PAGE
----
Living on a diet of fried Spam, vodka, sardines, cupcakes, and Southern Comfort, Andrew Whittaker is slowly being sucked into the morass of middle age. A negligent landlord, small-time literary journal editor, and aspiring novelist, he isquite literally authoring his own downfall. From his letters, diary entries, and fragments of fiction, to grocery lists and posted signs, this novel is a collection of everything Whittaker commits to paper over the course of four critical months.
Beginning in July, during the economic hardships of the Nixon era, we witness our hero hounded by tenants and creditors, harassed by a loathsome local arts group, and tormented by his ex-wife. Determined to redeem his failures and eviscerate his enemies, Whittaker hatches a grand plan. But as winter nears, his difficulties accumulate, and the disorder of his life threatens to overwhelm him. As his hold on reality weakens and his schemes grow wilder, his self-image as a placid and slow-moving sloth evolves into that of a bizarre and frantic creature driven mad by solitude.
In this tragicomic portrait of a literary life, Sam Savage proves that all the evidence is in the writing, that all the world is, indeed, a stage, and that escape from the minds prison requires a command performance.
"Starred Review. [A] scathingly funny epistolary pastiche" - Publishers Weekly
"Starred Review. Set in the early Seventies, this book will certainly appeal to boomers and seniors, but it would also be a great read for young adults. Its best audience would be other writers and creative individuals generally, and it would be a delightful reading-group choice." - Library Journal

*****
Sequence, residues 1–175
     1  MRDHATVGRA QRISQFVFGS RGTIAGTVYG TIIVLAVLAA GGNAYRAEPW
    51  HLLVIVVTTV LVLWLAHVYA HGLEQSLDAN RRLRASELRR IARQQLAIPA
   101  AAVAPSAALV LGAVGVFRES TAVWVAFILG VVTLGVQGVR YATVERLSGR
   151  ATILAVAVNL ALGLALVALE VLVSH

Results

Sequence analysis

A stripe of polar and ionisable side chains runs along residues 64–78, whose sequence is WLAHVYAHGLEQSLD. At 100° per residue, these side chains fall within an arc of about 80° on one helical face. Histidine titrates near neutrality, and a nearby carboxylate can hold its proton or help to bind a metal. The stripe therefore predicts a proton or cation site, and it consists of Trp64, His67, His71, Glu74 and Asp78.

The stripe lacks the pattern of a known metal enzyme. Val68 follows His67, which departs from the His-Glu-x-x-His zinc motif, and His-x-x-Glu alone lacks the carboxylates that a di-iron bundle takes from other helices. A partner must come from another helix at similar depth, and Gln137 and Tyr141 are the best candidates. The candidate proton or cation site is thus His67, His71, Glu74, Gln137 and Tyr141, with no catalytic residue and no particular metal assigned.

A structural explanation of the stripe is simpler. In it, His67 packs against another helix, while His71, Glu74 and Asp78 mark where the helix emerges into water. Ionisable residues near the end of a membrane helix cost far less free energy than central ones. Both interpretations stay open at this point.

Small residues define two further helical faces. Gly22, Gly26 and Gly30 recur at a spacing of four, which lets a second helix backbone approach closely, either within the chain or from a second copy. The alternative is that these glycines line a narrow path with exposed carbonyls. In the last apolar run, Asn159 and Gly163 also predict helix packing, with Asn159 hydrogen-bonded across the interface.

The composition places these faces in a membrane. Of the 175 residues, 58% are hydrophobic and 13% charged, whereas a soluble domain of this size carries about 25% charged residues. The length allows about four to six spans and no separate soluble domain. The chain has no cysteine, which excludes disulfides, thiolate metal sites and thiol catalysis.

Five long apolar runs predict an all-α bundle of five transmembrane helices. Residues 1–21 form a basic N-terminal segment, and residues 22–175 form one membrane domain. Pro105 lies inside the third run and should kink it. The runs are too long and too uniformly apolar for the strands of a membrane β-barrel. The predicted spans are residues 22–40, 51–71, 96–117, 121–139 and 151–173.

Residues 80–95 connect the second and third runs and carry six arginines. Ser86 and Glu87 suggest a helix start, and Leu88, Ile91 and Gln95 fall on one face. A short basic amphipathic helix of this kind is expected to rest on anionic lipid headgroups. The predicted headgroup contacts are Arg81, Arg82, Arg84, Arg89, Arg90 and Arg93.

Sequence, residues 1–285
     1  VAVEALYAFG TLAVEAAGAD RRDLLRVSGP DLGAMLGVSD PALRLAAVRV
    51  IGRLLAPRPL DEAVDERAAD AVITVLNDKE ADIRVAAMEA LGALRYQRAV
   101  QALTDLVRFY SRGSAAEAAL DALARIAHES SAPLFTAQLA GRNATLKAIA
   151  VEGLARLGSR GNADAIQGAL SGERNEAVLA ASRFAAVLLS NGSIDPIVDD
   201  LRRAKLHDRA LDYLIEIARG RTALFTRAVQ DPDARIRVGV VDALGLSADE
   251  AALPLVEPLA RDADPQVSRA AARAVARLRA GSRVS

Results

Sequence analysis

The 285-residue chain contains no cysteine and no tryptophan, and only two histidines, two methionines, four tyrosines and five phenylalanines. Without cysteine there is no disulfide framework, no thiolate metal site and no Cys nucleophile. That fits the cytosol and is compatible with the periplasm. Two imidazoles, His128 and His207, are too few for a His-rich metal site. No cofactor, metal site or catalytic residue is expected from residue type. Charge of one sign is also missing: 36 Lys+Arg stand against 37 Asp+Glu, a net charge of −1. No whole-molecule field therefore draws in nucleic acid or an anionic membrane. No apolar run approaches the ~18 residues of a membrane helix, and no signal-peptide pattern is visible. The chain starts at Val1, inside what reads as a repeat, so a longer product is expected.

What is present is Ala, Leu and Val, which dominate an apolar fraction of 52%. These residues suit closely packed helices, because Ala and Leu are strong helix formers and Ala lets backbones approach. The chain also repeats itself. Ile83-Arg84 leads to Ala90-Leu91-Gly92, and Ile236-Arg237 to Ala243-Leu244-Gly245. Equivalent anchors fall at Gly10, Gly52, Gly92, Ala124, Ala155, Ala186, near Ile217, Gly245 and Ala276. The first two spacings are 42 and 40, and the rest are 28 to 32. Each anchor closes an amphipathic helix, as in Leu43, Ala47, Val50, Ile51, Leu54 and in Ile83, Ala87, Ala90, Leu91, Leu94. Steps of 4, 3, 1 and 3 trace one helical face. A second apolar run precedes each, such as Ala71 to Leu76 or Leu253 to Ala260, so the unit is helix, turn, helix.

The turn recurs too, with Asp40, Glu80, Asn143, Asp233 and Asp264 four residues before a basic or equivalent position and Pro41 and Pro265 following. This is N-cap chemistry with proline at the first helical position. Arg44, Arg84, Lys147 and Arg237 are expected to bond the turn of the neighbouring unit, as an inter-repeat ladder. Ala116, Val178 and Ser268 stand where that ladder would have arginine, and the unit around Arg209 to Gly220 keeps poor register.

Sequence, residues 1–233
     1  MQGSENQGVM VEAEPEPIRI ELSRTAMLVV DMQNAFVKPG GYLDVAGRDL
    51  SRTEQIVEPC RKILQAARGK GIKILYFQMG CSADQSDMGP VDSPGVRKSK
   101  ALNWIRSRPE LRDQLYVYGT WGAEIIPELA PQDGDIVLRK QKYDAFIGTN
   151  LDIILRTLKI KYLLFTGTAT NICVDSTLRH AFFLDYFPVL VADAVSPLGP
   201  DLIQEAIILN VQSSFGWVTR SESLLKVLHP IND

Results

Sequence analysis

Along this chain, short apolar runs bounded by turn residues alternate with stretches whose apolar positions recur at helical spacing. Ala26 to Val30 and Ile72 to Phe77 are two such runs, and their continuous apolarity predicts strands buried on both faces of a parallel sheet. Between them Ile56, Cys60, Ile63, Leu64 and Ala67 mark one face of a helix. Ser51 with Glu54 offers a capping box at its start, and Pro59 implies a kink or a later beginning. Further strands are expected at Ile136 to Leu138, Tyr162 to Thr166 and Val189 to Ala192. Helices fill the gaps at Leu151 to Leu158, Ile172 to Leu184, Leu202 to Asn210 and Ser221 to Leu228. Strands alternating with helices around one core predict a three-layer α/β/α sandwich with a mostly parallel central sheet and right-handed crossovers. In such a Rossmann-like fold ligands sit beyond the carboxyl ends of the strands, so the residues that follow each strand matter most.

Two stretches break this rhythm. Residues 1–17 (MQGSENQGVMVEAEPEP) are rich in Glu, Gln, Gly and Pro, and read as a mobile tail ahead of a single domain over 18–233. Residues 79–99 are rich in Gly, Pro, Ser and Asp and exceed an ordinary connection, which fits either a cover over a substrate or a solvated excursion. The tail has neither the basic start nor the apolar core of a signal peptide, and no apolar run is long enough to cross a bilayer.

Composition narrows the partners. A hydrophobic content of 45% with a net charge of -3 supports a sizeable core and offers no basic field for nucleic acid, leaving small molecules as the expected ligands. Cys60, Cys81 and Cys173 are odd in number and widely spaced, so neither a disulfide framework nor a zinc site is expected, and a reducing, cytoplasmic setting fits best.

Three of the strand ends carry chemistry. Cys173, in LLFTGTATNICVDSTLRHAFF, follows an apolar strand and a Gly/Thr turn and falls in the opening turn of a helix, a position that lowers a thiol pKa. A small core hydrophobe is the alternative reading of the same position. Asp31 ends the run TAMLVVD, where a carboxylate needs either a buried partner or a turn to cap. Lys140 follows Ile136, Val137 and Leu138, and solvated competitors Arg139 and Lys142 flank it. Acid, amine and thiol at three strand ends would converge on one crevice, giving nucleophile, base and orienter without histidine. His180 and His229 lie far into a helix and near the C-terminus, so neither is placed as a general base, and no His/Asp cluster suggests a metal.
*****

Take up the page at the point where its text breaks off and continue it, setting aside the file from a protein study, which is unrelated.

"Starred Review." - Kirkus Reviews
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Sam Savage is a native of South Carolina who lives in Madison, Wisconsin. He received his bachelor and doctoral degree from Yale University where he taught briefly, and has also worked as a bicycle mechanic, carpenter, commercial fisherman, and letterpress printer.
After receiving his Ph.D. in the field of computer science from Yale University in 1973, Sam spent a year at General Motors Research Laboratory, and then joined the Management Science faculty of the University of Chicago Graduate School of Business. In 1985 Dr. Savage led the development of a software package that won PC Magazine's Technical Excellence Award in 1986. Sam has worked ever since to bring analytical tools to managers in an algebra free environment. In 1990, Sam moved to Stanford, where he teaches Management ...
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